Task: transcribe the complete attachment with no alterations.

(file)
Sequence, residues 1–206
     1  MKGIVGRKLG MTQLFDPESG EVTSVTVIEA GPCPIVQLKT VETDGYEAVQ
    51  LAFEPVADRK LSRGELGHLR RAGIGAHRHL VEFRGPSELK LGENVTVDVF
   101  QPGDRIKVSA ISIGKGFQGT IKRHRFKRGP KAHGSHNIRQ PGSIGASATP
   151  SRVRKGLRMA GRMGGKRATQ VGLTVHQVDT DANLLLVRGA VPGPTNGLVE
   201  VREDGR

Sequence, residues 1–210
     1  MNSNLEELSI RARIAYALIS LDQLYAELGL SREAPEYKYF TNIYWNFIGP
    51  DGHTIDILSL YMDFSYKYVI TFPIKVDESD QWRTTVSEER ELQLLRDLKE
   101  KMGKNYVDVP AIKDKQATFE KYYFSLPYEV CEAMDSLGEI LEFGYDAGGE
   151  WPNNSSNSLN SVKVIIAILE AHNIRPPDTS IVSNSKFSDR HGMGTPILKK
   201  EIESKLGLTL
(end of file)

Sequence, residues 1–206
     1  MKGIVGRKLG MTQLFDPESG EVTSVTVIEA GPCPIVQLKT VETDGYEAVQ
    51  LAFEPVADRK LSRGELGHLR RAGIGAHRHL VEFRGPSELK LGENVTVDVF
   101  QPGDRIKVSA ISIGKGFQGT IKRHRFKRGP KAHGSHNIRQ PGSIGASATP
   151  SRVRKGLRMA GRMGGKRATQ VGLTVHQVDT DANLLLVRGA VPGPTNGLVE
   201  VREDGR

Sequence, residues 1–210
     1  MNSNLEELSI RARIAYALIS LDQLYAELGL SREAPEYKYF TNIYWNFIGP
    51  DGHTIDILSL YMDFSYKYVI TFPIKVDESD QWRTTVSEER ELQLLRDLKE
   101  KMGKNYVDVP AIKDKQATFE KYYFSLPYEV CEAMDSLGEI LEFGYDAGGE
   151  WPNNSSNSLN SVKVIIAILE AHNIRPPDTS IVSNSKFSDR HGMGTPILKK
   201  EIESKLGLTL